I returned from the brief trip to Kaesong feeling slightly rejuvenated. I noticed that now that the trees were all in leaf and the flowers were in bloom and the balconies of the flats were decked out with potted plants, Pyongyang had shed the vast drab council-estate aura that had enveloped it through the winter and was again the attractive city I had seen when I first arrived.
I noticed that the workers in the factory had turned the lower beds alongside the buildings into rivers of colourful flowers. “I see the workers here are treating their workplace like a palace,” I remarked to Comrade U No.
“I think,” he said, “you will find most of the factories in North Korea like this one. The working people in my country take a pride in their jobs.”
Perhaps it is pride, as well as ignorance, that keeps them going. They certainly seemed to be bearing up well as the two-hundred-day lunacy approached the halfway mark. Once I was going by underground from the Taesong Gang hotel up to the Koryo at about nine-thirty one evening when I saw the party secretary from the factory coming up the escalator as I was going down. His tall shoulders were stooped. His face was pale and drawn. His eyes were downcast and vacant. The next morning when I drew the curtains at half past seven, there he was, bright as a button, out in the yard, already mingling with the workers and demonstrating the prescribed Juche popular work style and method with all his customary energy and enthusiasm.
While the workers next door were doing their best to make their workplace a palace by planting pretty flowers round the yard, the staff of the Ansan Chodasso, including the interpreters and the young womenwho cleaned our rooms and waited at table, were out of doors displaying the true Juche spirit of self-reliance by cementing over part of the compound themselves under the direction of the manageress. If the spirit was commendable, the results were disappointing. After heavy rain a pool of water inches deep gathered in the middle where the concrete had not set evenly.
Around this time a regular visitor to Pyongyang said to me, “I have never known a people who work so hard or achieve so little. It doesn’t matter whether it’s handicrafts or bridges. Everything they make is rubbish.”
As the two-hundred-day campaign crept towards the halfway mark, I too embarked on my own more modest hundred-day campaign. My campaign was to hang on to the last vestiges of sanity for another hundred days and nights in Pyongyang. It may not sound like much, but every monotonous day had to be ground out hour by hour, minute by minute. My work was as pointless and uncongenial as ever. The food was no more to my liking. Indeed the quality of the meat seemed to be deteriorating. Michael told me there were meat shortages in the city’s restaurants. After the brief flowering of international culture during the Spring Festival month, the television was back to the routine grind of propaganda and banal feature films in an alien tongue.
One night I decided to stay in and remain reasonably sober for a change. Unfortunately the night I chose was May 17th. May 17th is the anniversary of the notorious Kwangju massacre in South Korea in 1980. On that date the people of the city of Kwangju took to the streets in protest against the government’s imposition of martial law. Because of the scale of the protest, the authorities sent in troops to restore order. According to official figures, between the 17th and 23rd of May 191 people were killed in the crackdown. The opposition claims the death toll was nearer to 2,000. Predictably the North Korean propaganda harps on about 5,000 dead and 14,000 injured. To commemorate this tragic event, on May 17th a mass rally of students was staged in Kim Il Sung Stadium and broadcast later that evening on both channels. I watched in fascination for a while as the next generation of Juche high priests ranted out the clichs in emulation of their elders with rapt, fanatic expressions on their faces. There was the usual cued-in ritual chanting of slogans from shrill-voiced groups of female students. After half an hour I had had as much as I could take. I fled to the Potanggang to get drunk again.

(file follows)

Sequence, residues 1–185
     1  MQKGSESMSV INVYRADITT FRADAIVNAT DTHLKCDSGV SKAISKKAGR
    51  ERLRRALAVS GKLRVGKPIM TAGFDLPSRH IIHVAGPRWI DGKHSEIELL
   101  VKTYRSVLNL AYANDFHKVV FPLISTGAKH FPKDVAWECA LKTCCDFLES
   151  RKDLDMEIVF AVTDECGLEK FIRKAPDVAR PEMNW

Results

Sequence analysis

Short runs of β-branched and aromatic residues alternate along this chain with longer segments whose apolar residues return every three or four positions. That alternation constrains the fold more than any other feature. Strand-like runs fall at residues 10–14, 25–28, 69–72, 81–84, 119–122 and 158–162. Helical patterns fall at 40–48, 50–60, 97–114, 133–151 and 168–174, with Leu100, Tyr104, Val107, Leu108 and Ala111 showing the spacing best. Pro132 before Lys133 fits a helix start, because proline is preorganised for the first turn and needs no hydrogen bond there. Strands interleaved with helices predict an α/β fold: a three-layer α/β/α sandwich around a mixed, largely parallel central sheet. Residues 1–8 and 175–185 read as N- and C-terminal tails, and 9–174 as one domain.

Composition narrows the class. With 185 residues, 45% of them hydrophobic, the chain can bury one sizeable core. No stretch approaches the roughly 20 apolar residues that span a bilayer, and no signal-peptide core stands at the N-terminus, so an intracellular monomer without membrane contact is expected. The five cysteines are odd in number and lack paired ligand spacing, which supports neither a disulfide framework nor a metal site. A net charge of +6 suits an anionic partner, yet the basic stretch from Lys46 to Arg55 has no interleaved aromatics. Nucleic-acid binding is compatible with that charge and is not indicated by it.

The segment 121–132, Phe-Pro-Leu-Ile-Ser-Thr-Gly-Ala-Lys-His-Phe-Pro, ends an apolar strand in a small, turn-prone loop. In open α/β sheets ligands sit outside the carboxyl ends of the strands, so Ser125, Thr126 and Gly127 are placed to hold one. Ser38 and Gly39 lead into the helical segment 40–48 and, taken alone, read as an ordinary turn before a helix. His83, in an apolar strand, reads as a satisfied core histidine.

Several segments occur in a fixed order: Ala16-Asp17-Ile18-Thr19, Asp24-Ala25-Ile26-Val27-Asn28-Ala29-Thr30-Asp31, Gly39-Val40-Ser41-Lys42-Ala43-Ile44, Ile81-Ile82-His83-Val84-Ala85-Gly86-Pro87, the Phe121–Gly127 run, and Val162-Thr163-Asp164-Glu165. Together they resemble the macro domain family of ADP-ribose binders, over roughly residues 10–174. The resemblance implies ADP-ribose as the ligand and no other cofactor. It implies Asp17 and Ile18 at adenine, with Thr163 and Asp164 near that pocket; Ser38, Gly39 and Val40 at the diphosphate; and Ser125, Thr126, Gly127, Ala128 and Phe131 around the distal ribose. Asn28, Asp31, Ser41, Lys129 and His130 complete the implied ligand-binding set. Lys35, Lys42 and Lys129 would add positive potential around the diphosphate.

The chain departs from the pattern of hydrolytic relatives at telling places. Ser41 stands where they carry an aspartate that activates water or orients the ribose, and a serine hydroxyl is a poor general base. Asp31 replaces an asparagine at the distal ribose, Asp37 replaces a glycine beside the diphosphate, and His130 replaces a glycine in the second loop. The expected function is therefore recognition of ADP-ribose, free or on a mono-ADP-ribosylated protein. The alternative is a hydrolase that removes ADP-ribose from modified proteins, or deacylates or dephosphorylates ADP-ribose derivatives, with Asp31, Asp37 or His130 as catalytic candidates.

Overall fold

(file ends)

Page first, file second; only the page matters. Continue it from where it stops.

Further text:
While their parents were all out working their butts off to make the fortieth anniversary of the founding of the republic a great festival of victory, in May the schoolchidren of Pyongyang took to the streets in uniform red track suits to start practising skipping, marching, gymnastics et cetera, sometimes until eight o’clock at night, in preparation for the mass game scheduled to crown the September 9th festivities.
Koreans used to tell me the mass game was an original invention of the DPRK. The Russians told me it was a Soviet invention. They hold one every year in Pyongyang on one or other of the festival occasions. In 1987 they held on April 15th in honour of the president’s seventy-fifth birthday. In 1988 they held on September 9th. Consequently I never saw one, which is rather a pity because everyone assured me they are quite something.
The mass game is, as one would expect, a celebration of the beauty and grace that mass collectivity can attain, a grandiose spectacle in which no individual is allowed to shine but each makes his anonymous contribution. By all accounts, even spectators who regard the concept of the thing as rather vulgar cannot avoid being impressed and strongly moved. The mass game is performed by children, thousands of them. The average number of participants in a mass game is 50,000. It is doubtful if many mentally and physically normal children in the DPRK go through school without participating in at least one mass game, although it was once whispered to me that the children of high officials sometimes use their parents’ influence in order to get out of them.
In Pyongyang the mass games have traditionally been held in the 100,000 capacity Kim Il Sung Stadium. From now on they will probably be staged in the new 150,000 capacity Runguado Stadium. Mass games last for an average two hours. They consist of a series of changing pictures. A background image is formed by children who occupy the whole of one side of the stands and create successive vast mosaics by holding up different sheets of coloured paper on cue. Music is piped through loudspeakers. Out on the pitch, there is marching, gymnastics, dancing, all choreographed la Busby Berkeley, but on a scale Berkeley could only dream about. Apparently each game has a unified theme running through it although there is no attempt at narrative.